How to lose weight in 792 easy steps

I hopped on the digital scale and was shocked. It read “212.”

“What?” I thought. “It must be in the kilogram setting.” I didn’t know what 212 kilograms translated to in pounds, but I was pretty sure it would be in the 170-ish range. It wasn’t of course, and reality began to set in. No one wants to admit they’re fat, but after seeing this 212-pound number, I had to pause for a moment, man up, and face the bitter truth:

Our scale was broken.

It wasn’t worth trying to take it back to Walmart; the last six scales we purchased there have been way off, too. So I decided to try to lose weight instead. This comes on the heels of the headline-grabbing national study that predicted 42 percent of Americans will be obese in 2030, with that number potentially reaching over 50 percent should Cold Stone Creamery run another promotion.

There are millions of theories on how to lose weight, and all of them are wrong. Otherwise we wouldn’t be so fat. The only time-tested, healthy way to shed pounds is to watch what you eat while engaging in activities that burn calories. Unfortunately for the $20 billion a year weight-loss industry, this doesn’t make for a very exciting book:


Eat less and exercise more.

The End.

So we make it more complicated. We have the grapefruit diet, the Zone Diet and Atkins, which, if I understand correctly, allows you to gorge on a block of cheese and three pounds of bacon, just so long as you don’t touch an apple.

Then there are the over-the-counter diet pills. These burn fat by speeding up your metabolism, which makes them sort of like methamphetamines’ little cousins. Just like diet pills, you don’t need a prescription to purchase meth. You can buy it OTC (Over Towards Clifton).

A number of diet companies, Jenny Craig for example, have sprung forth. Their sole, unselfish mission is to help you lose weight by unloading those heavy $20 bills out of your wallet.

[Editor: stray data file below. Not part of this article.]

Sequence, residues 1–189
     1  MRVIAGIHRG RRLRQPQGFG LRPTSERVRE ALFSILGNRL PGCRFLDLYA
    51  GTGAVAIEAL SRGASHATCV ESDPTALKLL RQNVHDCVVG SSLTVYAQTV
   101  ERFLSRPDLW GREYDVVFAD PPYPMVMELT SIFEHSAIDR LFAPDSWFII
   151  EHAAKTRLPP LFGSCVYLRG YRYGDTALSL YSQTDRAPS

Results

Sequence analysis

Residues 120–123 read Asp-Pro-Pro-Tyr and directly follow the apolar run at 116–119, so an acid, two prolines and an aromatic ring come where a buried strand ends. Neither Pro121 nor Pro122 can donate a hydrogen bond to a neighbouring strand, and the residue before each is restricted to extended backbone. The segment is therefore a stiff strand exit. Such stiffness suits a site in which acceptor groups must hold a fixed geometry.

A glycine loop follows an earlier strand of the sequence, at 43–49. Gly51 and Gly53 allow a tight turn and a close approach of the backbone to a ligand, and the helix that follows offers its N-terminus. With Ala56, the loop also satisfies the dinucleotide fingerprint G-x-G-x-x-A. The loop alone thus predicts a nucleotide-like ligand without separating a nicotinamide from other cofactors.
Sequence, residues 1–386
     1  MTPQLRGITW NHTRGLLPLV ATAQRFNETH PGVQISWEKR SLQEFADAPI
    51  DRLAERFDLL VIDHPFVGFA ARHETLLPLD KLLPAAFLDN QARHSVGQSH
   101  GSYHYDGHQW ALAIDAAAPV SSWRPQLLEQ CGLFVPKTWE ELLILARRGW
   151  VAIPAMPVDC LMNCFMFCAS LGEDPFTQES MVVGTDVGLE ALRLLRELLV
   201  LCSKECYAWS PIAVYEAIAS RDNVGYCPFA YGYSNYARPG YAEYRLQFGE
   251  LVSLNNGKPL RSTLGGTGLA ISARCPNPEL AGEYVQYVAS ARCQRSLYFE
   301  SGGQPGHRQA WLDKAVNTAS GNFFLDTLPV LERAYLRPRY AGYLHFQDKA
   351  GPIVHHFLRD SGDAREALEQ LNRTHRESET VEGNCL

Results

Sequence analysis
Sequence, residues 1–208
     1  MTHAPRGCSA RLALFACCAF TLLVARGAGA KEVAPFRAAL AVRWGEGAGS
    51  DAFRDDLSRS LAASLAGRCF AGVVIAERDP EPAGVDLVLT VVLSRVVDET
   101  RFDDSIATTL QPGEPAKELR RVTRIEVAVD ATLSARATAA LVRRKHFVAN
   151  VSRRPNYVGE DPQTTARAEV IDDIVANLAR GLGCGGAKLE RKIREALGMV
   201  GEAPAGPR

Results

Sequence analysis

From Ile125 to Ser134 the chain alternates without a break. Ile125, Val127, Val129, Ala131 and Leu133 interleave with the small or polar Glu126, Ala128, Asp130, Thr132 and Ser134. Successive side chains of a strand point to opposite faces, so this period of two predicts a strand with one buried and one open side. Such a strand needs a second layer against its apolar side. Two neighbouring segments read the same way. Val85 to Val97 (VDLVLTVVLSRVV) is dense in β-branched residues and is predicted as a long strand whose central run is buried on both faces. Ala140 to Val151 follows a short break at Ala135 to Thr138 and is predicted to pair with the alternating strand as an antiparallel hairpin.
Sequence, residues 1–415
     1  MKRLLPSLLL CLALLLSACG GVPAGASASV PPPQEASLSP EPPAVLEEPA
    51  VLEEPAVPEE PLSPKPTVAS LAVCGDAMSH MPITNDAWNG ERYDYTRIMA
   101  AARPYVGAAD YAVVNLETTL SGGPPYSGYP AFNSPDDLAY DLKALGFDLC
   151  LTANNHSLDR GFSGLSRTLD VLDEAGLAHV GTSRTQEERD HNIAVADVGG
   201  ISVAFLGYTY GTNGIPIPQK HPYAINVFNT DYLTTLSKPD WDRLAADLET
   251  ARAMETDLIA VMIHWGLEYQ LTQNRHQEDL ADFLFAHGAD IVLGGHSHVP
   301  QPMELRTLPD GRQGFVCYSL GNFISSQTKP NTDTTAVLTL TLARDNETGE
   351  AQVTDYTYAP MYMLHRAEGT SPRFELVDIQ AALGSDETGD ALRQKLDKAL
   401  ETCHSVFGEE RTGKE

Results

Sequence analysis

Another one of these firms, Weight Watchers, just hired Charles Barkley as a spokesman. Last year he was pimping for Taco Bell, but I suppose when chasing endorsement dollars, one must remain flexible. Still it’s an odd choice. He has two arrests for aggravated battery. He once told a reporter, “I hate white people.” And he recently was incarcerated for a DUI. Personally, I tend to take health advice only from my doctor. But Weight Watchers is a viable option for those of you who prefer your nuggets of nutritional wisdom to be dispensed by violent, drunken racists.

NutriSystem is a plan where healthy meals are sent to you. And while they may be premade, the company describes them as “delicious” meals prepared by “nationally renowned chefs.” Sure. After all, you know it’s going to be a savory, gourmet dining experience if the UPS man dropped it off on the porch.

The only effective weight-loss method I found is running. I hate every second of it, but it works. Ever see the end of a marathon? The only fat person you see crossing the finish line is a TV cameraman angling for a shot.

Yet a lot of people don’t want to take responsibility for their waistlines. “I have a slow metabolism,” they say. So do I. But I’ve discovered mine tends to increases somewhat around the 2-mile mark.

That’s why I want to run a marathon. Not for the sense of the accomplishment so much as for the guilt-free gluttony I’d enjoy post-race:

Drive-through speaker: “Welcome to Dairy Queen. Order when ready.”

Me: “Yes, I’d like four banana splits, seven Kit-Kat Blizzards and one spoon.”

So those are my diet tips, along with the best weight-loss advice of all time: Do NOT buy a scale at Walmart. Those things are always off.

Reach Steve Beauregard at .(JavaScript must be enabled to view this email address).


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